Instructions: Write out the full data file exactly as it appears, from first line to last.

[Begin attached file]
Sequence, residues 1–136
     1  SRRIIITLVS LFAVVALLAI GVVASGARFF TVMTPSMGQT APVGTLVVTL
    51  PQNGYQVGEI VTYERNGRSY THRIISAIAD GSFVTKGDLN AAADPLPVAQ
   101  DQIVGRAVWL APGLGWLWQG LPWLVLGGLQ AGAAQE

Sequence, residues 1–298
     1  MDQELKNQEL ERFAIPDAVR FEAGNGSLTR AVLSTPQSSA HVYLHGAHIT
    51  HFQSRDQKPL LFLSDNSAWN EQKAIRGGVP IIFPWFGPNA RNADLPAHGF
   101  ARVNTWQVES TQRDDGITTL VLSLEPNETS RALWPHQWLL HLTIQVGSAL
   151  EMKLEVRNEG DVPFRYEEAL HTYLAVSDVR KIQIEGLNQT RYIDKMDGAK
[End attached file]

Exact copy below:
Sequence, residues 1–136
     1  SRRIIITLVS LFAVVALLAI GVVASGARFF TVMTPSMGQT APVGTLVVTL
    51  PQNGYQVGEI VTYERNGRSY THRIISAIAD GSFVTKGDLN AAADPLPVAQ
   101  DQIVGRAVWL APGLGWLWQG LPWLVLGGLQ AGAAQE

Sequence, residues 1–298
     1  MDQELKNQEL ERFAIPDAVR FEAGNGSLTR AVLSTPQSSA HVYLHGAHIT
    51  HFQSRDQKPL LFLSDNSAWN EQKAIRGGVP IIFPWFGPNA RNADLPAHGF
   101  ARVNTWQVES TQRDDGITTL VLSLEPNETS RALWPHQWLL HLTIQVGSAL
   151  EMKLEVRNEG DVPFRYEEAL HTYLAVSDVR KIQIEGLNQT RYIDKMDGAK